One important factor for explaining people’s use of the Internet is Internet anxiety. It is closely related to computer anxiety, which is defined as “the irrational anticipation of fear evoked by the thought of using (or actually using) computers, the effects of which result in avoiding or minimizing computer usage.”
Computer anxiety has long been found to be negatively related to computer use and attitudes towards computers, with females generally reporting higher levels of computer anxiety than males. Recently, there have been a number of studies that have explored the relationship between computer anxiety and Internet use.
A number of researchers have argued that the Internet has changed the nature and range of applications available on the computer, and thus computer anxiety has to change accordingly. They have introduced the notion of Internet anxiety, and although still very new, a number of studies have investigated this topic.
Relationships and Internet Anxiety
One study investigated the relationship between Internet anxiety and Internet experience amongst Taiwanese school teachers. They reported that the number of hours spent using the Internet in a week was significantly and negatively related to Internet anxiety, and female students had significantly higher Internet anxiety than male students. Other studies have also reported that females have higher Internet anxiety than males.
Another study in Computers in Human Behavior investigated the relationship between Internet identification, Internet anxiety and Internet use. According to the study, the participants were 446 students (319 females and 127 males) from two universities in the UK and one university in Australia. Measures of Internet identification and Internet anxiety were developed.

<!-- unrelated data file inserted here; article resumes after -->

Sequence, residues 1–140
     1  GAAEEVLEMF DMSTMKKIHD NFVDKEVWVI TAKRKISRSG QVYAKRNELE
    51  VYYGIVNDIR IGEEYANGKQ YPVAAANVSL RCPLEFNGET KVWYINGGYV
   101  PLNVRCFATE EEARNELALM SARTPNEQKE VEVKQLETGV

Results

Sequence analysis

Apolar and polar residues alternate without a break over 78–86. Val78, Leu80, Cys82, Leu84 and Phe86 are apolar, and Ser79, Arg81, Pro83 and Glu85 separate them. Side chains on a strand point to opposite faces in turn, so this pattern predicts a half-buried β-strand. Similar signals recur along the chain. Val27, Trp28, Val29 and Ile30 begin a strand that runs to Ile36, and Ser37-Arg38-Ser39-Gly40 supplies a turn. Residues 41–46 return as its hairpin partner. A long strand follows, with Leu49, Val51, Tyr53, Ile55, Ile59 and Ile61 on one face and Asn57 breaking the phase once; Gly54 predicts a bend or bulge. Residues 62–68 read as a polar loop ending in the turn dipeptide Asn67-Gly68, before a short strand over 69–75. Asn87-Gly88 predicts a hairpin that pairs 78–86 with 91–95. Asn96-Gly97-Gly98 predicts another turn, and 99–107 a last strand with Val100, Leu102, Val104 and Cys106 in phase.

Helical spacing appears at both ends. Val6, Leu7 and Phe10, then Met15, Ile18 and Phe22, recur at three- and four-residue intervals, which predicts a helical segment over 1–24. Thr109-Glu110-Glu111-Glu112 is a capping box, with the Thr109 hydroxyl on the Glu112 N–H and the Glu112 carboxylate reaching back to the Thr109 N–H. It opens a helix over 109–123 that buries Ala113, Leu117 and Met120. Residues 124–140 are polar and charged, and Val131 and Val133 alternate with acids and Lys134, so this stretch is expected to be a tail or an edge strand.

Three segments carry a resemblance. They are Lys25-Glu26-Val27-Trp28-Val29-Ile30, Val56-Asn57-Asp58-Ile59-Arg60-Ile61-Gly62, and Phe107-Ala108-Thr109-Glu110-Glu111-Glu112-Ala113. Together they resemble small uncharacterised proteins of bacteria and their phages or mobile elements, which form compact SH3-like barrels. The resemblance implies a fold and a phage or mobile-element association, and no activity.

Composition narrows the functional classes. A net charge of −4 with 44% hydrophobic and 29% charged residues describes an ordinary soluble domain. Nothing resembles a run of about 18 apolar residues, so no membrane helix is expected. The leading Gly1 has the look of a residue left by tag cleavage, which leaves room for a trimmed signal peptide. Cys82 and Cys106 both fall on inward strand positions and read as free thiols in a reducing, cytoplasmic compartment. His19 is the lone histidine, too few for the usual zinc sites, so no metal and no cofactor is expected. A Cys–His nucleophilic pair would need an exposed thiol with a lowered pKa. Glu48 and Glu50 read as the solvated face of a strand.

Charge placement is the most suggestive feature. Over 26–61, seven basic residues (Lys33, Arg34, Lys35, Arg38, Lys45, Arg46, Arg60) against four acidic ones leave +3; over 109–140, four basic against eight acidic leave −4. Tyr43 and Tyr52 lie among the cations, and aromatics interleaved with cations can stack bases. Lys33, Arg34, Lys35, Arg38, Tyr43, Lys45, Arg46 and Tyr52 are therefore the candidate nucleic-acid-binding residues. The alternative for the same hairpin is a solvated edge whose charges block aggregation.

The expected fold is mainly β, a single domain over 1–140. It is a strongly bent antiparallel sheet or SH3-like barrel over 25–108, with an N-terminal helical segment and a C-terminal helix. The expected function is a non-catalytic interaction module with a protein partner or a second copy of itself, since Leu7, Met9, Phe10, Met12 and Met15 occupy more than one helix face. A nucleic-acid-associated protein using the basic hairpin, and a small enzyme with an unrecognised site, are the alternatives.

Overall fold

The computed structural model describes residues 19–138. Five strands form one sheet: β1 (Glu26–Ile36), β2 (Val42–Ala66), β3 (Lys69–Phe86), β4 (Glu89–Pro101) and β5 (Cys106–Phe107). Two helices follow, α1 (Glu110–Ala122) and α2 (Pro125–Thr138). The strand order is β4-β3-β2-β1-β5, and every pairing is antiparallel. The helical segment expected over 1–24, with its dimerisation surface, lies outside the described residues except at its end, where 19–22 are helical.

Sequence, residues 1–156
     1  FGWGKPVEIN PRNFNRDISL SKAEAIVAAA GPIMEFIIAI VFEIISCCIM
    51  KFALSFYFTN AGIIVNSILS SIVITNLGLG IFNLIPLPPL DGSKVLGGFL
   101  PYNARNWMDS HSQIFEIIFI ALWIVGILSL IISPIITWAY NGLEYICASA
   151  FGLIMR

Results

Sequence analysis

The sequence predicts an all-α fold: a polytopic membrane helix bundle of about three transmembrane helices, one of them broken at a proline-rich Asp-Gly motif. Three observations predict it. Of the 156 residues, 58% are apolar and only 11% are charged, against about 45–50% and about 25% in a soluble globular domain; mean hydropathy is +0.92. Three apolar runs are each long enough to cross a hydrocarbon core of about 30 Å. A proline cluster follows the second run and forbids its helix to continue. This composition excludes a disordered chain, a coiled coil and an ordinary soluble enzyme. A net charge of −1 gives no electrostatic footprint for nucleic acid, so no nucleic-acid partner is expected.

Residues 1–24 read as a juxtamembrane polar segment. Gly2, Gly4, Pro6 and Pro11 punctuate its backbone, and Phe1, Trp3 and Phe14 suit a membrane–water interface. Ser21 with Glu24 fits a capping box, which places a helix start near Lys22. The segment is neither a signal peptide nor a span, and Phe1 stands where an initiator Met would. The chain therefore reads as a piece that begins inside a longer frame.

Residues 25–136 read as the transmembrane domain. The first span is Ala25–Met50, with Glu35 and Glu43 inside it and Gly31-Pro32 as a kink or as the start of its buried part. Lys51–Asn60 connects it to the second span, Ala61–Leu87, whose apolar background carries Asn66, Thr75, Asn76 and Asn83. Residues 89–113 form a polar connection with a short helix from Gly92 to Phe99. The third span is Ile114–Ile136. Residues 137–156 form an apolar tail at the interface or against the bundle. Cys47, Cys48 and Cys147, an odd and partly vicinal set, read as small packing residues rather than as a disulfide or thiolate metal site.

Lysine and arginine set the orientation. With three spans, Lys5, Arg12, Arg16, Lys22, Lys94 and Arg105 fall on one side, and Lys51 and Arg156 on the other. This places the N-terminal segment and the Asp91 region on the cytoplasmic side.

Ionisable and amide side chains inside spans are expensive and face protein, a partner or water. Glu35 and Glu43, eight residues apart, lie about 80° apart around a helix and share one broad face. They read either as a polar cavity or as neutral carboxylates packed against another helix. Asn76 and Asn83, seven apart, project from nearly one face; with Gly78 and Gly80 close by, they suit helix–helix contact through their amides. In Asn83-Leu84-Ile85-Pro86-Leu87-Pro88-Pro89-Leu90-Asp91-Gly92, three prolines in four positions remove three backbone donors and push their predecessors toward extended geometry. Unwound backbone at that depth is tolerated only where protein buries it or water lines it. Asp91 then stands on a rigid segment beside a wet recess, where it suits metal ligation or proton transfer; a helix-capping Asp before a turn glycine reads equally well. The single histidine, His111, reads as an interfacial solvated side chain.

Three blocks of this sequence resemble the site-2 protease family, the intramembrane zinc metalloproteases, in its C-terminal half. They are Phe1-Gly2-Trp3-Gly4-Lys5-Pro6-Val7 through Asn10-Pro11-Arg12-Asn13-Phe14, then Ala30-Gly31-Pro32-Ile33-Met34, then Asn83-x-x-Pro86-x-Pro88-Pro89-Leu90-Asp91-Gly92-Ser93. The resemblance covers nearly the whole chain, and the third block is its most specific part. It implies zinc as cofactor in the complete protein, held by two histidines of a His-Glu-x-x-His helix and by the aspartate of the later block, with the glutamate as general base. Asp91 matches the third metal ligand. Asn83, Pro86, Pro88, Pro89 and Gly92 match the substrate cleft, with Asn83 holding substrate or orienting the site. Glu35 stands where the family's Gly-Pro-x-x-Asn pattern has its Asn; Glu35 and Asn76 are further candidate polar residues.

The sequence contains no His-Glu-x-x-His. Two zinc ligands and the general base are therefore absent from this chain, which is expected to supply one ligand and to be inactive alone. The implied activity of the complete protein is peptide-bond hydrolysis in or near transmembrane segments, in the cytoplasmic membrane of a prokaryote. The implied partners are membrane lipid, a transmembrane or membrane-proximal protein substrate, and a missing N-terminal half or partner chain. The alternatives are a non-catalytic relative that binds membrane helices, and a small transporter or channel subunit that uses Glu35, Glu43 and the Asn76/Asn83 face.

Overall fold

Previously research had found that people who use the internet excessively had more mental health problems, such as depression and anxiety. In one study, researchers observed a group of college-aged students using the Internet Addiction Test. The Internet Addiction Test (IAT) is the standard test used to measure excessive reliance on the internet.
Out of 254 students, 33 met screening criteria for internet addition according to the Internet Addiction Test. However, another 107 students met criteria for problematic internet use with the new screening tool.
The research team also administered a further series of self-reported tests to see how the internet addicts compared to the others in the survey on areas such as symptoms of depression and anxiety, impulsiveness, inattention and executive functioning, as well as tests for ADHD.
They found that those screening positive on the IAT as well as on our scale, had significantly more trouble dealing with their day to day activities, including life at home, at work/school and in social settings.
Individuals with internet addiction also had significantly higher amounts of depression and anxiety symptoms, problems with planning and time management, greater levels of attentional impulsivity as well as ADHD symptoms.
Randi Fredricks, Ph.D.
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